Why has such a diverse group of astronauts gone to the ISS?

  • The Crew-7 mission is a result of the ongoing cooperation among different countries in space, especially since the launch of the space station in 1998.
  • The International Space Station Program involves the US, Russia, Canada, Japan, and the participating countries of the European Space Agency, and is one of the most ambitious international collaborations ever attempted.
  • The program “brings together international flight crewsmultiple launch vehiclesglobally distributed launch, operations, training, engineering, and development facilities; communications networks, and the international scientific research community”.

What is the mission?

  • The Crew-7 is the eighth flight operated by NASA and Elon Musk-owned SpaceX as part of the agency’s commercial crew program, which has been taking astronauts to the ISS since SpaceX’s first crewed mission in 2020.
  • During their stay at the space station, the Crew-7 astronauts will conduct more than 200 science experiments and technology demonstrations to prepare for missions to the Moon, Mars, and beyond.
  • The research will include a collection of microbial samples from the exterior of the space station.
  • The team will also analyse how sleeping in the microgravity environment differs from Earth by examining astronauts’ brain waves while they sleep.
  • Yet another experiment will look at the formation of biofilms in wastewater on the space station, which could be key to finding better ways to recycle water for drinking and hygiene while in space (Yes, astronauts have long used recycled sweat and urine to drink and shower on the station).


Water shortages reduce from wastewater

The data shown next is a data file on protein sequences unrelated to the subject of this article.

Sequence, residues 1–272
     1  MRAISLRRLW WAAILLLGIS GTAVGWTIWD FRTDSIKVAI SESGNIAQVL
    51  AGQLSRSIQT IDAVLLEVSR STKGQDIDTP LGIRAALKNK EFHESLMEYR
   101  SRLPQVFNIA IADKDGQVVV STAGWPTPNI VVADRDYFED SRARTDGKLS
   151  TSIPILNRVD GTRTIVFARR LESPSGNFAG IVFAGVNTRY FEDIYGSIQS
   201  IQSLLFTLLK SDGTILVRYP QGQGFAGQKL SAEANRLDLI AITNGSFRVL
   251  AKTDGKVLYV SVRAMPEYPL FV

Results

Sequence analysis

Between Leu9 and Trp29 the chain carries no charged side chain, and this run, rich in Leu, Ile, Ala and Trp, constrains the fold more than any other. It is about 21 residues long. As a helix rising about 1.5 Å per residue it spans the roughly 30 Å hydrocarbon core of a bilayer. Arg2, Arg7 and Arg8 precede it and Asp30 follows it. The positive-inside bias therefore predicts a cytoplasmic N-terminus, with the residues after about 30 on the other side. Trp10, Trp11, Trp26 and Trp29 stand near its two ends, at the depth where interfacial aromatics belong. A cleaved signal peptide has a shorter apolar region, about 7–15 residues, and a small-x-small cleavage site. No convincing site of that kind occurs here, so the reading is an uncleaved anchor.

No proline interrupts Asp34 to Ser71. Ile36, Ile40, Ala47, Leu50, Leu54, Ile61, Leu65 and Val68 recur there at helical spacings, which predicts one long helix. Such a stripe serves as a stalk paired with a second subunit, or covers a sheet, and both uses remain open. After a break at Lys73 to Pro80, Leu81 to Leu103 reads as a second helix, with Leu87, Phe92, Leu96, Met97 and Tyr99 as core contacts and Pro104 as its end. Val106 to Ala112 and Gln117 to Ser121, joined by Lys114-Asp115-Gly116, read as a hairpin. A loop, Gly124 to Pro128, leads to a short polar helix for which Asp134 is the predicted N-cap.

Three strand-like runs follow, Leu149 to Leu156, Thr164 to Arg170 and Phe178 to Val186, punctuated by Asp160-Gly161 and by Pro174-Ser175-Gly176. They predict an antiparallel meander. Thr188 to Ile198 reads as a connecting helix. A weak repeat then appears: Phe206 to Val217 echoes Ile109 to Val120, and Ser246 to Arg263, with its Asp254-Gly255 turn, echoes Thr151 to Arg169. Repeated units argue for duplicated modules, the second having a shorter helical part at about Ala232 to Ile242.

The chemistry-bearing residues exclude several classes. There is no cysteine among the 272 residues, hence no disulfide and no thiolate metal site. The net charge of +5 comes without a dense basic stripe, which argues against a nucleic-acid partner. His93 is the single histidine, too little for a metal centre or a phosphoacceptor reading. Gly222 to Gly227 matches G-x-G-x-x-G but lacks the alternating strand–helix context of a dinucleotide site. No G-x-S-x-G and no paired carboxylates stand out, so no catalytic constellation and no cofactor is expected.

GS Paper - 3 (Environment)

Europe has experienced severe heat and drought over the last few summers, and 2023 has been no different. Vast swathes of Central and Southern Europe are simply too dry from a lack of rainfall. Human-induced climate change has led to more heat waves and drought and is one reason for Europe’s growing water crisis. At the same time, demand for the resource is growing, with industry and agriculture extracting more water from the ground, rivers and lakes than can be replenished.

Who uses the most water?

  • Industry uses half of Europe’s water resources, while a further 40% is hoovered up by agriculture and 10% by households.
  • In the European Union, water scarcity impacts 11% of all citizens. Falling water supplies can lead to households facing use restrictions. But the problem also impacts the energy sector.
  • In 2022French authorities had to switch off some nuclear power plants because river water used for cooling them was too warm.
  • Last year, the dry summer also reduced hydropower in Norway. Farmers, though, who use large amounts of water for crop irrigation, are also hard hit by water shortages and drought.

Could using industry wastewater help farmers?

  • One solution for agriculture could be to use more treated industrial and domestic wastewater for irrigation and protect valuable freshwater supplies. Six times more waste water could be reused across the EU than current levels.
  • Freshwater resources are scarce and increasingly under pressure. In times of unprecedented temperature peaks, we need to stop wasting water and use this resource more efficiently.
  • New EU regulations on minimum requirements for water reuse for agricultural irrigation came into force this summer.
  • The regulations stipulate that EU member states must process communal and industrial wastewater so it can be used by farmers.
  • Processing and reusing water could replace a fifth of irrigation that currently uses groundwater in Spain and Portugal, said the European Commission.
  • In FranceItaly and Greece, it could be as much as 45%. Wastewater could cover all irrigation needs in EU countries with smaller agricultural sectors.

Leaky pipes lead to massive water waste

  • One way to save water that is often overlooked is maintaining the pipes that shuttle the resource to homes and businesses.
  • On average, a quarter of the EU’s freshwater is lost during transport to taps because of leaks and broken pipes.
  • Currently, countries most affected by drought and a lack of rain — such as SpainItaly and Bulgaria — invest the least amount of money per citizen to fix leaky water infrastructure.